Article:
BOSTON — Following five key sleeping habits can add years to your life, according to research. Researchers at Beth Israel Deaconess in Boston report that the benefits of good rest reduce the risk of death from any cause by up to 30 percent.
Scientists reveal the five key habits as:
- seven or eight hours of sleep a night
- difficulty falling asleep no more than twice a week
- trouble staying asleep no more than twice a week
- not using any sleep medication
- feeling well rested when waking up at least five days a week.
Overall, life expectancy was 4.7 years greater for men and 2.4 years greater for women who reported having all five quality sleep measures, compared with those who had none or only one of the five favorable elements of low-risk sleep.
Previous studies have shown that getting too little or too much sleep can negatively affect the heart. It has also been widely reported that sleep apnea, a disorder that causes people to pause or stop breathing while asleep, can lead to several heart conditions, including high blood pressure, atrial fibrillation and heart attacks.
‘Just getting enough hours of sleep isn’t sufficient’
Researchers behind this latest study report that young people who have more beneficial sleep habits are incrementally less likely to die young. The findings also suggest that around 8 percent of deaths from any cause could be attributed to poor sleep patterns.
“I think these findings emphasize that just getting enough hours of sleep isn’t sufficient,” says Qian. “You really have to have restful sleep and not have much trouble falling and staying asleep.”
The researchers looked at figures from more than 172,000 American adults, with an average age of 50, who participated in an annual health survey between 2013 and 2018. Participants were followed for an average of 4.3 years, during which 8,681 died. Of the deaths, 30 percent were from cardiovascular disease, 24 per ent were from cancer and 46 percent were due to other causes.
Researchers assessed the ﬁve different factors of quality sleep using a low-risk sleep score they created based on answers collected as part of the survey. Each factor was assigned zero or one point for each, for a maximum of five points, which indicated the highest quality sleep.
“If we can improve sleep overall, and identifying sleep disorders is especially important, we may be able to prevent some of this premature mortality,” says Qian, a clinical fellow in medicine at Harvard Medical School.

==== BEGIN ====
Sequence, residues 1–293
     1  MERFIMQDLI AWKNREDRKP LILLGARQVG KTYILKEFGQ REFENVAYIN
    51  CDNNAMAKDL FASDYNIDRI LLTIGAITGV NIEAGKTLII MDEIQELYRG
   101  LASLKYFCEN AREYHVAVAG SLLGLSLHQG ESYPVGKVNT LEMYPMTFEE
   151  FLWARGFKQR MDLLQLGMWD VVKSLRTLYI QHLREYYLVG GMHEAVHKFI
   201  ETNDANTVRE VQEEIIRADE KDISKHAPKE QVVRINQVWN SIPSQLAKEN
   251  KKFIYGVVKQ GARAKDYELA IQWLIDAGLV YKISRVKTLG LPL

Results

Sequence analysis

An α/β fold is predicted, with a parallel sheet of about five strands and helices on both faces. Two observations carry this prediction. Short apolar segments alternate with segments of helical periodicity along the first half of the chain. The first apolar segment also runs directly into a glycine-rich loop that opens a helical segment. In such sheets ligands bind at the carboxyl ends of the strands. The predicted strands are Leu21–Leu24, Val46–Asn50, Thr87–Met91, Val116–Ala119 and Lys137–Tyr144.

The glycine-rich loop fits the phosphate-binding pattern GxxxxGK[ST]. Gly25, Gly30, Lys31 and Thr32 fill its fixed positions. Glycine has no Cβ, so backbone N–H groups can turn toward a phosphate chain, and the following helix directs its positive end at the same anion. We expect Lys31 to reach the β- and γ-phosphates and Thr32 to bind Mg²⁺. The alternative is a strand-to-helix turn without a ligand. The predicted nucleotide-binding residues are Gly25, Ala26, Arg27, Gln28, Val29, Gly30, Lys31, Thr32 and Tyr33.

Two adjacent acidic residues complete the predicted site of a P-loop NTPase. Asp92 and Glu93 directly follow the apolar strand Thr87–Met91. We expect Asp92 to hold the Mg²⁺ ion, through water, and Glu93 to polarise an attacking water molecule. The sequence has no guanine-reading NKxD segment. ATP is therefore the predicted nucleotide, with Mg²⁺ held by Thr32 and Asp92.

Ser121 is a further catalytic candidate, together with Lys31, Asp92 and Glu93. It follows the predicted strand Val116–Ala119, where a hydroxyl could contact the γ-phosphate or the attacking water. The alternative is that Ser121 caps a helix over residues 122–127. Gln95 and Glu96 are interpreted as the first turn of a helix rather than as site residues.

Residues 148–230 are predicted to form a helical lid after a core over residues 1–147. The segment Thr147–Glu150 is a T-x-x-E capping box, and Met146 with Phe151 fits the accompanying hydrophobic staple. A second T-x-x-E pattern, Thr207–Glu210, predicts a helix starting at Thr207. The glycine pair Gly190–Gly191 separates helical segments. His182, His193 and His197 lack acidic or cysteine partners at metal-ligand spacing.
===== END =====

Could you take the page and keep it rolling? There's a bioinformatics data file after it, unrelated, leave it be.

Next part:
The study reveals that, compared to people who had zero to one favorable sleep factors, those who had all five were 30 percent less likely to die from any cause. They’re also 21 percent less likely to die from cardiovascular disease, 19 percent less likely to die from cancer, and 40 percent less likely to die of causes other than heart disease or cancer.
Qian says the other deaths are likely due to accidents, infections or neurodegenerative diseases, such as dementia and Parkinson’s disease. Still, he believes more research is needed to determine why men with all five low-risk sleep factors had double the increase in life expectancy compared with women who had the same quality sleep.
“Even from a young age, if people can develop these good sleep habits of getting enough sleep, making sure they are sleeping without too many distractions and have good sleep hygiene overall, it can greatly benefit their overall long-term health,” he says.
He explains that for the present analysis, the team estimated gains in life expectancy starting at age 30, but the model can be used to predict gains at older ages too.
“It’s important for younger people to understand that a lot of health behaviors are cumulative over time,” notes Qian. “Just like we like to say, ‘it’s never too late to exercise or stop smoking,’ it’s also never too early. And we should be talking about and assessing sleep more often.”
The researchers hope patients and doctors will start talking about sleep as part of their overall health assessment and disease management planning.
Dr Qian is due to present the findings at the American College of Cardiology’s annual Scientific Session in New Orleans next month.